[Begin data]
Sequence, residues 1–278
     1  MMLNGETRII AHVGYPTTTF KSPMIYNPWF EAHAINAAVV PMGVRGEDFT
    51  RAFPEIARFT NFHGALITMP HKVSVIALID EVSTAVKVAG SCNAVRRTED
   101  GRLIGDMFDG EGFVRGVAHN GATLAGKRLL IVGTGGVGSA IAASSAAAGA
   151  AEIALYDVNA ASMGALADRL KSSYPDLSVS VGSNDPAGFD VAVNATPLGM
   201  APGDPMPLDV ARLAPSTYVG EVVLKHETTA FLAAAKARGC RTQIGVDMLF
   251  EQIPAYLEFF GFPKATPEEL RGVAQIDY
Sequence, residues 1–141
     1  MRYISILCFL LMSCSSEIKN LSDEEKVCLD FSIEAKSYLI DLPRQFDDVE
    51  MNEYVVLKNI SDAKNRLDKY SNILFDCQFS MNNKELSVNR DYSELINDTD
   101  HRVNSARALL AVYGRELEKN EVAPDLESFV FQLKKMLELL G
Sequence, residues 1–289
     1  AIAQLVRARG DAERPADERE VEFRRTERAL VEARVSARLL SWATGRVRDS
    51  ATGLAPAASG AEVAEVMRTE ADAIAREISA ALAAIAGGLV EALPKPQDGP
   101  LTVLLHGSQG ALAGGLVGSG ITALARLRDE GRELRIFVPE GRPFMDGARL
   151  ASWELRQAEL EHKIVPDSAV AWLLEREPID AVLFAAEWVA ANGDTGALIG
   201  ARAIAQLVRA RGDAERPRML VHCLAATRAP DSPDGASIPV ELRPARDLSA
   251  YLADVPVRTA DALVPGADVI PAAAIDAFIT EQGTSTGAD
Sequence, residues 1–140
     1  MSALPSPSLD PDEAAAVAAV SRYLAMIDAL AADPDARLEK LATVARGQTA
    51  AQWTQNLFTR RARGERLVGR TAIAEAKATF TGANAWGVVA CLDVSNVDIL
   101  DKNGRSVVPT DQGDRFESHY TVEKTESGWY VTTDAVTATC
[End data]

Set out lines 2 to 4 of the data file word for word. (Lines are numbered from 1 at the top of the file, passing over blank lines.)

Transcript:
     1  MMLNGETRII AHVGYPTTTF KSPMIYNPWF EAHAINAAVV PMGVRGEDFT
    51  RAFPEIARFT NFHGALITMP HKVSVIALID EVSTAVKVAG SCNAVRRTED
   101  GRLIGDMFDG EGFVRGVAHN GATLAGKRLL IVGTGGVGSA IAASSAAAGA